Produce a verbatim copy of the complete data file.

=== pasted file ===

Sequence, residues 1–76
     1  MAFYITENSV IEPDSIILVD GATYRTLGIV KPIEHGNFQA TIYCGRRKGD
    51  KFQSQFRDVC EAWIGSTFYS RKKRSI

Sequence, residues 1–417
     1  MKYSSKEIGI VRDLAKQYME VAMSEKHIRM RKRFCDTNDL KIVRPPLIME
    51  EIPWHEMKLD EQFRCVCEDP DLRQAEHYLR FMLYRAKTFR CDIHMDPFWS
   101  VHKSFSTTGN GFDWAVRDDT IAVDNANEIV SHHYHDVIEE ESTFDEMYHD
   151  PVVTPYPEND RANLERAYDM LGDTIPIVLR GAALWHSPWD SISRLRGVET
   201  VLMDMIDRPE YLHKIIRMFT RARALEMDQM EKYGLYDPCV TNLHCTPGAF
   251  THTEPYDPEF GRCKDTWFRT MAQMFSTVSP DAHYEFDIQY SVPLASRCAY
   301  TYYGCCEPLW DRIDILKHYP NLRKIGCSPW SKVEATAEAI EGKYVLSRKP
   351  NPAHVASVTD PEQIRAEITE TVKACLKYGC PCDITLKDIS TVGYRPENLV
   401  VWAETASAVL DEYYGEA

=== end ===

Sequence, residues 1–76
     1  MAFYITENSV IEPDSIILVD GATYRTLGIV KPIEHGNFQA TIYCGRRKGD
    51  KFQSQFRDVC EAWIGSTFYS RKKRSI

Sequence, residues 1–417
     1  MKYSSKEIGI VRDLAKQYME VAMSEKHIRM RKRFCDTNDL KIVRPPLIME
    51  EIPWHEMKLD EQFRCVCEDP DLRQAEHYLR FMLYRAKTFR CDIHMDPFWS
   101  VHKSFSTTGN GFDWAVRDDT IAVDNANEIV SHHYHDVIEE ESTFDEMYHD
   151  PVVTPYPEND RANLERAYDM LGDTIPIVLR GAALWHSPWD SISRLRGVET
   201  VLMDMIDRPE YLHKIIRMFT RARALEMDQM EKYGLYDPCV TNLHCTPGAF
   251  THTEPYDPEF GRCKDTWFRT MAQMFSTVSP DAHYEFDIQY SVPLASRCAY
   301  TYYGCCEPLW DRIDILKHYP NLRKIGCSPW SKVEATAEAI EGKYVLSRKP
   351  NPAHVASVTD PEQIRAEITE TVKACLKYGC PCDITLKDIS TVGYRPENLV
   401  VWAETASAVL DEYYGEA